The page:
Yamaha Fascino BS4 vs BS6 Yamaha Fascino 125 Fi: Differences Explained

Modified On Dec 20, 2019 By Praveen M. for Yamaha Fascino 125

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The newly launched Fascino 125 Fi replaces the 113cc Fascino, and here’s how it’s different from the old one

The BS6-compliant Yamaha Fascino 125 Fi has been launched in the country at a starting price of Rs 66,430 (ex-showroom Delhi). This is Yamaha’s first 125cc scooter in the country, replacing the ageing 113cc Fascino which hasn’t seen any major update for a long time. Here’s how the two scooters are different from each other:

What’s the price difference?

The new Fascino 125 Fi is just Rs 10,407 dearer than the 113cc Fascino. That said, the 125cc version comes in several variants whereas its smaller sibling is available only in one version. Here’s a detailed price list comparison:

Variants

Yamaha Fascino 125 Fi

Yamaha Fascino (113cc)

STD Drum

Rs 66,430

Rs 56,023

Rs 57,523 for the Darknight colour variant

STD Disc

Rs 68,930

NA

DLX Drum

Rs 67,430

NA

DLX Disc

Rs 68,930

NA

All the prices are ex-showroom, Delhi. If you’re keen on buying the BS4 113cc Fascino, you’ll have to act soon as the scooter will be available only till stocks last or until the BS6 deadline. After that, Yamaha will only be retailing 125cc scooters in the Indian market.

What about the engine & mileage?

The Yamaha Fascino 125 Fi packs a 125cc single-cylinder air-cooled fuel-injected engine, which churns out 8.2PS and 9.7Nm. That’s 1PS and 1.6Nm more than the 113cc Fascino. The Fascino 125 is also the first Yamaha scooter in India to get fuel injection as standard. It comes with an engine stop and start system which shuts off the motor while idling in traffic. This helps in saving fuel. Additionally, the scooter is equipped with an ACG starter which ensures the engine cranks up instantly and silently. Both the stop-start system and the ACG starter are first-in-class under Yamaha’s India lineup. 

Also Read: Yamaha Fascino 125 Fi: Accessories Revealed

Yamaha claims a mileage of 58kmpl, which is pretty commendable for a 125cc scooter. It is claimed to be 16 per cent more than the 113cc version. We’ll get to know the exact real-world mileage figures in the city as well as on the highway once we get our hands on the scooter.

Any changes to the features and ergonomics?

Yamaha has tweaked the ergonomics for better comfort in the Fascino 125 Fi. Compared to the 113cc Fascino, the new scooter gets a 20mm taller handlebar and it is 18mm closer to the rider too. Additionally, the seat is also wider, so expect the scooter to be more comfortable overall.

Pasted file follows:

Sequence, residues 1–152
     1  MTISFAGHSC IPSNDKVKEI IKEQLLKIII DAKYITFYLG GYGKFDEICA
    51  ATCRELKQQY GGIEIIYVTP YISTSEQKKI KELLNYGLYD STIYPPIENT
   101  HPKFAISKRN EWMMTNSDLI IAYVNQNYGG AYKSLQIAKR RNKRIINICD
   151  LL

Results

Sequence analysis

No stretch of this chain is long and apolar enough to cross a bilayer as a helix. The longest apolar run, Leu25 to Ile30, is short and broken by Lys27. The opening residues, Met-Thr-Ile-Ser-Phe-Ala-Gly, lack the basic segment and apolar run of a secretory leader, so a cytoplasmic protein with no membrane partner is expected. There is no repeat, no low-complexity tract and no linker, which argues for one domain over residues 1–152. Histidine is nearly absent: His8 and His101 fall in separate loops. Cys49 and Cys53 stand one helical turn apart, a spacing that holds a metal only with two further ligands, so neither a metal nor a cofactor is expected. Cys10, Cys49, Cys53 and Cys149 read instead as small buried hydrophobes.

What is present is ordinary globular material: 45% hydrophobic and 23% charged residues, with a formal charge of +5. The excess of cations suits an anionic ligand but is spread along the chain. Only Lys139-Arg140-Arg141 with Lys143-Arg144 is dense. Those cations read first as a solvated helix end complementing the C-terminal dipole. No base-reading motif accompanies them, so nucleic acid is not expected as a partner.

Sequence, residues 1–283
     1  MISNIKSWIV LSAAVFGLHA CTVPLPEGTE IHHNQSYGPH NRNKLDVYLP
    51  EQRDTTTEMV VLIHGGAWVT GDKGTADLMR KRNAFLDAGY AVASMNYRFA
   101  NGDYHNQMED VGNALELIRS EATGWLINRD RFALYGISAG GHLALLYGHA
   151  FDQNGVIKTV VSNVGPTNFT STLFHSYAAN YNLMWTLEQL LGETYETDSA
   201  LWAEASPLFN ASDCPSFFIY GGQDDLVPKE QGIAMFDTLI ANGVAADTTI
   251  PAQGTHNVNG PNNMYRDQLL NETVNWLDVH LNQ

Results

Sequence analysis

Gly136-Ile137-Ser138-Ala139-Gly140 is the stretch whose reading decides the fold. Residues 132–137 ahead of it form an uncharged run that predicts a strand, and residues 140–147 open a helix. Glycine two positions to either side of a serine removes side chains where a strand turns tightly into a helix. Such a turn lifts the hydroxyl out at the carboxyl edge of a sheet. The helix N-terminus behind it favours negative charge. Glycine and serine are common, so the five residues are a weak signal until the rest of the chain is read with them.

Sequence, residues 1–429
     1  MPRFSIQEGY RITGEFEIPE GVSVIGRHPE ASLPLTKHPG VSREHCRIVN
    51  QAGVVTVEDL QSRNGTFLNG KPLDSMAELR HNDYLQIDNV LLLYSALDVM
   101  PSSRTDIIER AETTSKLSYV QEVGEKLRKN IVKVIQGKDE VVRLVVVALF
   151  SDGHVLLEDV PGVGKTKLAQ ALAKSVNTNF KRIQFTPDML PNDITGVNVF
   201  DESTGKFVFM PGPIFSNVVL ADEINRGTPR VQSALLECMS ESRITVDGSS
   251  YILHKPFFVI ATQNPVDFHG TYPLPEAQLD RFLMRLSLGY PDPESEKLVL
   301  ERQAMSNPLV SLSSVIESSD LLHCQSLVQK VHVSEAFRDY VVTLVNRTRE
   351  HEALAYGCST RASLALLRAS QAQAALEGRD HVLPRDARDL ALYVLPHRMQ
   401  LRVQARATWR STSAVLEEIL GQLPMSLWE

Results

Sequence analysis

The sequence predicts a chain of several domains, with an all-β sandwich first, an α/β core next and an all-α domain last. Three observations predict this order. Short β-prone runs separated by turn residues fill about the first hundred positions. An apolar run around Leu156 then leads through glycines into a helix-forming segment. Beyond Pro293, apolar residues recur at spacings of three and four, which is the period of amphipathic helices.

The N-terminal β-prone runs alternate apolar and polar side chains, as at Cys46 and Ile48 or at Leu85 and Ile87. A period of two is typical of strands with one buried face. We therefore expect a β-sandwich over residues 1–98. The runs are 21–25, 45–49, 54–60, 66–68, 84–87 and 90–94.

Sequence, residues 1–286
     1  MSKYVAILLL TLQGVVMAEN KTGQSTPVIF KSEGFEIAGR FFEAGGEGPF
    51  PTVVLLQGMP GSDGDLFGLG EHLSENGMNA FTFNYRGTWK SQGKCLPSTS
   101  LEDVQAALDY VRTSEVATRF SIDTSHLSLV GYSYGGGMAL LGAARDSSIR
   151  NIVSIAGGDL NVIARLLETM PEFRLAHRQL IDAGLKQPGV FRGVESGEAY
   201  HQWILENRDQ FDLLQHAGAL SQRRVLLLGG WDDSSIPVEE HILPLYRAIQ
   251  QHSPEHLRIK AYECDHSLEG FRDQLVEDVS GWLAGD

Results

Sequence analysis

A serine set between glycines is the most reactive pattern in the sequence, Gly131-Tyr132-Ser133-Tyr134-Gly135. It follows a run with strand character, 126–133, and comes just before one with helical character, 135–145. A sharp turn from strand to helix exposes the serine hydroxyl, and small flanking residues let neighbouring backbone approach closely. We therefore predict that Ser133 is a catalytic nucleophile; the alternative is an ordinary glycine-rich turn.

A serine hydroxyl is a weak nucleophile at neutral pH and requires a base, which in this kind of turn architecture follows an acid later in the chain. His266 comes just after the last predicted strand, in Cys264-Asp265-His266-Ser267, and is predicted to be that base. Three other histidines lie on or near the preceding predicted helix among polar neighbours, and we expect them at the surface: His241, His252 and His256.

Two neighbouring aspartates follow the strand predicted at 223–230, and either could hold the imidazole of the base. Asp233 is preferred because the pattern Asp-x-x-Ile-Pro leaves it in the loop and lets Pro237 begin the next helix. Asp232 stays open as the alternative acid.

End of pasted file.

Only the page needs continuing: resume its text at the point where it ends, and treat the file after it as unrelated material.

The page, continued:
Interestingly, at 21 litres, the underseat storage remains unchanged. There’s no underseat USB port nor a boot light, which is a little disappointing. It also misses out on the apron storage compartment, which the smaller sibling had. Even though the tail section looks large enough to accommodate an external fuel filler, Yamaha hasn’t provided one. That said, the scooter does get a seat opener function integrated into the apron key slot, which should make opening the seat a little more convenient.

Yamaha has also retained the halogen headlamp setup and the bulb type indicators and tail lamp in the 125cc scooter. It would’ve been nicer if Yamaha had offered an LED headlamp and tail lamp. The instrument cluster still remains an analogue unit. While the older scooter’s console looked retro, the new one looks a little more modern. It gets an Eco light as well, to let the rider know when he/she is riding with a sensitive throttle. Since it’s a fuel-injected scooter, it features an engine check light too.

Fascino 125 Fi packs better underpinnings too: 

The new Fascino 125 Fi rides on bigger 12-inch front and 10-inch rear alloy wheels, which should ensure a more comfortable, composed ride quality compared to the 10-inch wheels on the smaller scooter. The alloy wheels are standard across all the variants whereas the 113cc Fascino rolled on steel wheels.

Yamaha also offers a front 190mm disc brake-equipped variant which should improve the stopping power considerably. A combined braking system is standard across both disc and drum variants to comply with the safety norms. What’s even more interesting is that despite the larger fuel-injected engine and a redesigned bodywork, the scooter is, in fact, 4kg lighter, at 99kg kerb! This makes it the lightest 125cc scooter in India, thanks to the newly-developed underbone frame. For perspective, this scooter is just 4kg heavier than the TVS Scooty Pep Plus which gets a puny 87.8cc motor.

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